Hello, I’m Michael Ferrara, CVWO’s Monarch Biologist for this years fall migration. I graduated from SUNY ESF in Syracuse, New York with a degree in Conservation Biology. Since then I have spent numerous seasons working with endangered shorebirds in the northeast and a few seasons working with the Southern Pine Beetle in New York. I decided to give Julia and Anna a break in order to give you an update on how the fall migration has been going.
It was a very slow start to the season, which was pretty discouraging but over the past week the migration has really picked up. To this point there have been 528 tagged Monarchs, with a peak of 87 Monarchs tagged on October 16th. I am hoping that the migration continues at that pace. Monarchs have been seen at the greatest densities around the platform, at Pickett’s Harbor and around the Eastern Shore of Virginia National Wildlife Refuge.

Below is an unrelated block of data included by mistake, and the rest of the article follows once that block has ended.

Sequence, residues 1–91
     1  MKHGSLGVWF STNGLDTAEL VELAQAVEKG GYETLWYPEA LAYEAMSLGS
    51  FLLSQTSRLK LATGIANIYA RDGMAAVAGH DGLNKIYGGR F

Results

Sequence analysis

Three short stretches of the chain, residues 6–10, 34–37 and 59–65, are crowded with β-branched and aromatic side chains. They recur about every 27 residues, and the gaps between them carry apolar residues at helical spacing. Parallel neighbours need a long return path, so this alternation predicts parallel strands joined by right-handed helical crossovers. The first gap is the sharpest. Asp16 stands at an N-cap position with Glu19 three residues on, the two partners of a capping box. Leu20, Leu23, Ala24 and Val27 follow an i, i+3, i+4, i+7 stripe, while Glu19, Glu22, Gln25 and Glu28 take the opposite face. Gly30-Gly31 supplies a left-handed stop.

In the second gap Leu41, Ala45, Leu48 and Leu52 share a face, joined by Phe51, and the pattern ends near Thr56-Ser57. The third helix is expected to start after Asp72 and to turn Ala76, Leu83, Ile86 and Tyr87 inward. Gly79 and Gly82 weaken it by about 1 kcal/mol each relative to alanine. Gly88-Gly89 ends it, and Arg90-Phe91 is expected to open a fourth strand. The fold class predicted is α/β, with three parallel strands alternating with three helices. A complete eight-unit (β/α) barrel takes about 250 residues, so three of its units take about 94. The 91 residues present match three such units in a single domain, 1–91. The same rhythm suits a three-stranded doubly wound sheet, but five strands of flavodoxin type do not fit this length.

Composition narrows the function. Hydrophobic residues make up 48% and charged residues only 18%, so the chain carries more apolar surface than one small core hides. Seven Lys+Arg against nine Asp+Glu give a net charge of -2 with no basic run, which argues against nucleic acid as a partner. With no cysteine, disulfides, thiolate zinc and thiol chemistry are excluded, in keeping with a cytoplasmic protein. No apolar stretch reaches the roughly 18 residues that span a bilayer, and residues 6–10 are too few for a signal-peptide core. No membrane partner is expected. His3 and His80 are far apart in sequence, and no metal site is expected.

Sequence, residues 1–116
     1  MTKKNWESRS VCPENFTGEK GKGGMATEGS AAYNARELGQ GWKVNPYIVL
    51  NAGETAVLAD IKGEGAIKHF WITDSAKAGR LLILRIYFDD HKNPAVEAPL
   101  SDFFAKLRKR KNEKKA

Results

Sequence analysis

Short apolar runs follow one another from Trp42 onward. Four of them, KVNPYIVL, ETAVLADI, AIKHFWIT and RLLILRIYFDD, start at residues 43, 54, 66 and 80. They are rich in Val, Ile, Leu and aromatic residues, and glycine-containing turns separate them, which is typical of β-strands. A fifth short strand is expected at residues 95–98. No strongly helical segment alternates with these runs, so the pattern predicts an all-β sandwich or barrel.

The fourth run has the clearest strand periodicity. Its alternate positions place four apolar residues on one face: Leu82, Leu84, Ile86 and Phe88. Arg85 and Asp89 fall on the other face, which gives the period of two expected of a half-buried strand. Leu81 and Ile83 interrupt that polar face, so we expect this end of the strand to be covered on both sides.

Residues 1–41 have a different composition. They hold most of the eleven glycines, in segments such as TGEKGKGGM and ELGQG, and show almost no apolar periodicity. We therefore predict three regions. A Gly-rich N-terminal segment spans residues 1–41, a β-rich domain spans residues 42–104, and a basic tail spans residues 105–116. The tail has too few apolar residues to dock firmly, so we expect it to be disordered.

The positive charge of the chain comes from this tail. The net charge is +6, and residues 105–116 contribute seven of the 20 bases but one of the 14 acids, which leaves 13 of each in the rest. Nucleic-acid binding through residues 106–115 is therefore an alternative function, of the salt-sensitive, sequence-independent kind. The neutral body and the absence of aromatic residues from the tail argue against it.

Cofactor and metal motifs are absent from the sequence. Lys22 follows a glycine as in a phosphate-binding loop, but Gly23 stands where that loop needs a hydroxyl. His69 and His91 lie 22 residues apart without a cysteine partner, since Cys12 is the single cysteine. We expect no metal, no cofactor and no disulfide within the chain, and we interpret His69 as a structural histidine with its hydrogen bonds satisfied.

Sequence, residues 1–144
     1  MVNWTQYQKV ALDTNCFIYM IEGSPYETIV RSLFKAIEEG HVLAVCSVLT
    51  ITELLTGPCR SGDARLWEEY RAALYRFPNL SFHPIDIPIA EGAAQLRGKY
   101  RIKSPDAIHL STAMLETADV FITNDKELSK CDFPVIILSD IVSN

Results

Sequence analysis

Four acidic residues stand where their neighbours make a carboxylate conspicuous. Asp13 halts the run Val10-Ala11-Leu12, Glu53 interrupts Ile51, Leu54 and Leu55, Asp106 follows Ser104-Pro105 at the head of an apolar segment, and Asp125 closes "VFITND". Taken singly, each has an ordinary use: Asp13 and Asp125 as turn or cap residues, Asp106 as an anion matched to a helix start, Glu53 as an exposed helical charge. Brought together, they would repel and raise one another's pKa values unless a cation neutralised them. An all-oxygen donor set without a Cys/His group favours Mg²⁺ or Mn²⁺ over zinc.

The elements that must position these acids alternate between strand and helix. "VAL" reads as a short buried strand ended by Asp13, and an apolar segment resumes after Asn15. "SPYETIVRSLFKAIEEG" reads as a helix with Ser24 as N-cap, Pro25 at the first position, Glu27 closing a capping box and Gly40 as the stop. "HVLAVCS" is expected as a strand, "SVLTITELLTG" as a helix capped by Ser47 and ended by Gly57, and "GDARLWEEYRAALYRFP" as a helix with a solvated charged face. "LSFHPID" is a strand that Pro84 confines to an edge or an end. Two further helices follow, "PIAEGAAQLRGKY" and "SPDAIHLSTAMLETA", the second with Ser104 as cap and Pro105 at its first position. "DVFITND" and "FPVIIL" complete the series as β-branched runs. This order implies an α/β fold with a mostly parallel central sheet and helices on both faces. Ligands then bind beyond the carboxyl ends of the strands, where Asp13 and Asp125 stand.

|Tagged Monarch in hand. Photo by Michael Ferrara|
|Foraging Monarch. Photo by Michael Ferrara|
So far this season there have been a few uncommon observations. On his last visit, Brian Taber observed a Brazilian Skipper although he was unable to get a photo of it. There is only 1 previously recorded observation of a Brazilian Skipper in Virginia on record. There have also been multiple Praying Mantis’ observed predating on Monarchs.
In the Kiptopeke Butterfly Garden we recently had Monarch caterpillars chowing down on the milkweed growing in the garden. Along with Monarch caterpillars; Common Buckeyes, Cloudless Sulphurs, Red-spotted Purples and Clouded Sulphurs have been some of the frequent visitors to the butterfly garden. Some of the other butterflies often seen around Kiptopeke include Question Marks, American and Painted Ladies, Cabbage Whites, Spicebush Swallowtails and Eastern Tiger Swallowtails.
|Common Buckeye at the butterfly garden. Photo by Michael Ferrara|